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Ancient water system leads to wave of appreciation

Archaeologists at the site where three early Shang Dynasty (c. 16th century-11th century BC) ditches were recently unearthed, in what is now Zhengzhou, Henan province. 

Researchers from the Henan Provincial Institute of Cultural Heritage and Archaeology have recently made a major breakthrough at the Shang Dynasty (c. 16th century-11th century BC) capital city ruins in Zhengzhou, Henan province.

Their findings shed new light on the sophistication of its urban planning mechanism and water systems, features of early civilization that were less well-known but nonetheless of great importance.

The finding, which consists of the largest water system remains from the early Shang Dynasty found to date, has filled a critical gap in comprehending the spatial layout of the southern section of the Zhengzhou Shang City, an archaeological site of the Bronze Age Erligang Culture in Central China.

Current studies give it four chronological phases from 1630 to 1400 BC.

The ruins, which date back more than 3,600 years, are situated in the heart of historical Zhengzhou city, encompassing a sprawling area of 25 square kilometers. Academically, it has been widely recognized as the capital established by the first ruler of the Shang Dynasty, and played a pivotal role in the later development of Shang civilization, which was mainly centered in the Yellow River Basin.

The Shang Dynasty is universally known for its sophisticated oracle bone inscriptions and mysterious use of complex bronze ware at ritual and religious celebrations, at a time when most Western contemporaries were simply using bronze to make tools or weapons.

Archaeological experts at the site recently unearthed three early Shang Dynasty ditches located in the southeastern region of the site of Shang City's inner city in Zhengzhou. These ditches, distinguishable by their large openings and relatively narrow bottoms, represent a remarkable ancient engineering feature.

One of them displayed signs of being adapted from a natural river channel, while the other two were entirely human-made. The ditches stretch approximately 540 meters, with the widest point reaching 12 meters and the deepest point descending about 4 meters.

A photo showing the location of the ditches. [Photo provided to China Daily]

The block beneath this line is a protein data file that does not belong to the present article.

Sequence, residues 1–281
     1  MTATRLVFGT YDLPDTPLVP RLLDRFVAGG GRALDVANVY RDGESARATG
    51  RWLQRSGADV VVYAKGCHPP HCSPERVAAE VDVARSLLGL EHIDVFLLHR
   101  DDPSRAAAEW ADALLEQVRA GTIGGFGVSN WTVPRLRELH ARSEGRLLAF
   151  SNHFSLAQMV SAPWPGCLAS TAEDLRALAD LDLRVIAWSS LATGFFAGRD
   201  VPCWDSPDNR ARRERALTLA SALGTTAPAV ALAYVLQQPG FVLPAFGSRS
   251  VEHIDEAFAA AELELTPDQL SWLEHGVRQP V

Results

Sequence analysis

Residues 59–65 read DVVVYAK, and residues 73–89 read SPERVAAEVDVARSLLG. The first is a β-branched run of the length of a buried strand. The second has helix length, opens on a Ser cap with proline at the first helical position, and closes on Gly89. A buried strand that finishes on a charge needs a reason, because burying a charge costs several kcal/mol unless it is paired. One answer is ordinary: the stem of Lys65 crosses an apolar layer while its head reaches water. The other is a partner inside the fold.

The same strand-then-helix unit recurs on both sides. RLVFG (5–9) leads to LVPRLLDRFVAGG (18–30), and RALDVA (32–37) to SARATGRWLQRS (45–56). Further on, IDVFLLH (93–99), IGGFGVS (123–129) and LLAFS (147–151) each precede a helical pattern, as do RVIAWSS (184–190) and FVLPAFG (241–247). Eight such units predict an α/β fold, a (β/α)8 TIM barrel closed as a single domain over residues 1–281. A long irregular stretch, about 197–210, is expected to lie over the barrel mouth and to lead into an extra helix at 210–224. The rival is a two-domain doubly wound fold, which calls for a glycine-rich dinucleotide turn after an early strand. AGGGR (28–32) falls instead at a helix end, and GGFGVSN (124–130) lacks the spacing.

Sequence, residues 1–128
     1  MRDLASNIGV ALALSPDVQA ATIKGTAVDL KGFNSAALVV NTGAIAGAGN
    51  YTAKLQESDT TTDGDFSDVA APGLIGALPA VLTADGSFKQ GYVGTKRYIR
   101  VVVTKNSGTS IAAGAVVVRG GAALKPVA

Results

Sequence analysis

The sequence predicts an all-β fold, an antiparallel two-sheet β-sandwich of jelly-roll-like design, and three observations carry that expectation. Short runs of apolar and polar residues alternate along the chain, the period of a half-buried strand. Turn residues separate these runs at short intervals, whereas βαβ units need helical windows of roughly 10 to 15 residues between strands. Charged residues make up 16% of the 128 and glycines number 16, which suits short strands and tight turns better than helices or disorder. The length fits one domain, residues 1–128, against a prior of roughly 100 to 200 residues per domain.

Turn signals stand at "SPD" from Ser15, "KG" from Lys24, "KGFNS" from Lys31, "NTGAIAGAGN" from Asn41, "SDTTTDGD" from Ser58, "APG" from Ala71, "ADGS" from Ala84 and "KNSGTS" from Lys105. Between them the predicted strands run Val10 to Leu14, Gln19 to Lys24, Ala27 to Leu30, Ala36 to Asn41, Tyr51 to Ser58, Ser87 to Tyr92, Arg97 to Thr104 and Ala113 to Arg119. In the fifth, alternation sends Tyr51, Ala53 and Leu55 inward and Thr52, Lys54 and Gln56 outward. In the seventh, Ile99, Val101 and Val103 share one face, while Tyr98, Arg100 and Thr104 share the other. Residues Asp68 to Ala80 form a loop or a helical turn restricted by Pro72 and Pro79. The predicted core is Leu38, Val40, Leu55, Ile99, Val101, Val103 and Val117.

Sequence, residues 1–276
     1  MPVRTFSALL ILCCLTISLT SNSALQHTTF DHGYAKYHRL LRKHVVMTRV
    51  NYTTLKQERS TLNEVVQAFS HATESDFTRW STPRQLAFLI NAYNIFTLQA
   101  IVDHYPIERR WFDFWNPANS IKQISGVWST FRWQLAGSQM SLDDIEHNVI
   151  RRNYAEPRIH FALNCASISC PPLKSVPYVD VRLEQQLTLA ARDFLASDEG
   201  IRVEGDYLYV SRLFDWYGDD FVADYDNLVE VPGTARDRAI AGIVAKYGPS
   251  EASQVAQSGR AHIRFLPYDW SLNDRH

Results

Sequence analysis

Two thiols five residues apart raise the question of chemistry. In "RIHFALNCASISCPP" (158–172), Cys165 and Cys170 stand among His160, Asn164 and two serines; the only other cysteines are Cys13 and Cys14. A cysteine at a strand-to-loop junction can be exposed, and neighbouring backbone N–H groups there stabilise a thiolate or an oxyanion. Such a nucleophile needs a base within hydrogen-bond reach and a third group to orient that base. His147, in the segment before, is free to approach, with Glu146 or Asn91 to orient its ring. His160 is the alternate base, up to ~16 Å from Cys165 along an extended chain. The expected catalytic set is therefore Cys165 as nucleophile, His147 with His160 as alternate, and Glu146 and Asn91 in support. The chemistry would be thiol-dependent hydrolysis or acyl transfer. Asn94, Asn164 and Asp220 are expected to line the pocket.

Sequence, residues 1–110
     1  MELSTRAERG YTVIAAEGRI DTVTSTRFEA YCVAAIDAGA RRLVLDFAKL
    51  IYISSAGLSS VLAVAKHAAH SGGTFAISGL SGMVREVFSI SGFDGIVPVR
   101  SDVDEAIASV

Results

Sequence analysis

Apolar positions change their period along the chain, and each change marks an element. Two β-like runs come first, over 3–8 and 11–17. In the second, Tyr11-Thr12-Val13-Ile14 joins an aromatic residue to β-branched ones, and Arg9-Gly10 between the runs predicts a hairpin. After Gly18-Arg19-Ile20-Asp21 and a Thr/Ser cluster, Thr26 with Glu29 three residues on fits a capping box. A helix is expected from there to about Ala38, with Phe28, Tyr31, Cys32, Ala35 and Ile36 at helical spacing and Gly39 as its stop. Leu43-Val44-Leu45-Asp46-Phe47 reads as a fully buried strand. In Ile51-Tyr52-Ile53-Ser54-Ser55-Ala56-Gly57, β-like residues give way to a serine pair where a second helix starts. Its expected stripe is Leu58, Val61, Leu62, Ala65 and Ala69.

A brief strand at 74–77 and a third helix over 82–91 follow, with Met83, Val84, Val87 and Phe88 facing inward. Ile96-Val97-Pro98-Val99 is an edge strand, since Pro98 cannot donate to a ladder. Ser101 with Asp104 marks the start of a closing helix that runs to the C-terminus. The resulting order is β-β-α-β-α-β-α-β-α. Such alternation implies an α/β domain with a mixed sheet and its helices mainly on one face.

Yang Wensheng, deputy director of the Henan Provincial Institute of Cultural Heritage and Archaeology, emphasizes the historical significance of this finding. He says that compared with the water system at the site of Shang City in Yanshi district, Luoyang city in Henan from the same period, the newly discovered water system in Zhengzhou Shang City surpasses it in both scale and extent.

Unusually, archaeologists also uncovered artificially opened ditches and stone water retaining structures for diversion within one of the ditches. This suggests that during the early Shang Dynasty, the water network system in Zhengzhou Shang City exhibited intricate functional designs. Alongside the ditches, remains of rammed earth buildings and workshops dedicated to crafts, such as copper casting and bone carving, were also unearthed.

The most intriguing aspect of the newly revealed water system is its connection to a northern pond in the southeastern region, suggesting a dual purpose for this extensive water network.

According to Yang Shugang, director of the Zhengzhou work station of the Henan Provincial Institute of Cultural Heritage and Archaeology, the large water system has the functions of both drainage and urban division. Its discovery is poised to rewrite the previous understanding of the overall layout of Zhengzhou Shang City, and is a great contribution to the in-depth exploration of the early Shang Dynasty.

In the forthcoming phases of the archaeological endeavor, researchers will continue their excavations and research activities. Their aim is to deepen understanding of various aspects of the water system, including its origins, purpose, abandonment, maintenance and construction techniques.

Additionally, they will investigate the relationship between the city's artificial water network and the natural water system surrounding it. This multidisciplinary approach will facilitate comprehensive research encompassing urban water conservancy, geomorphological environment, construction technology and much more.

For archaeologists and scholars, the discovery of the water system is undoubtedly a remarkable achievement in the field. It not only offers fresh insights into the research and study of the early Shang Dynasty, but also underscores the advanced engineering prowess and urban planning of China's ancient civilization, enriching the world's understanding of the country's ancient past.

Shi Baoyin in Zhengzhou contributed to this story.

Source: Chinadaily

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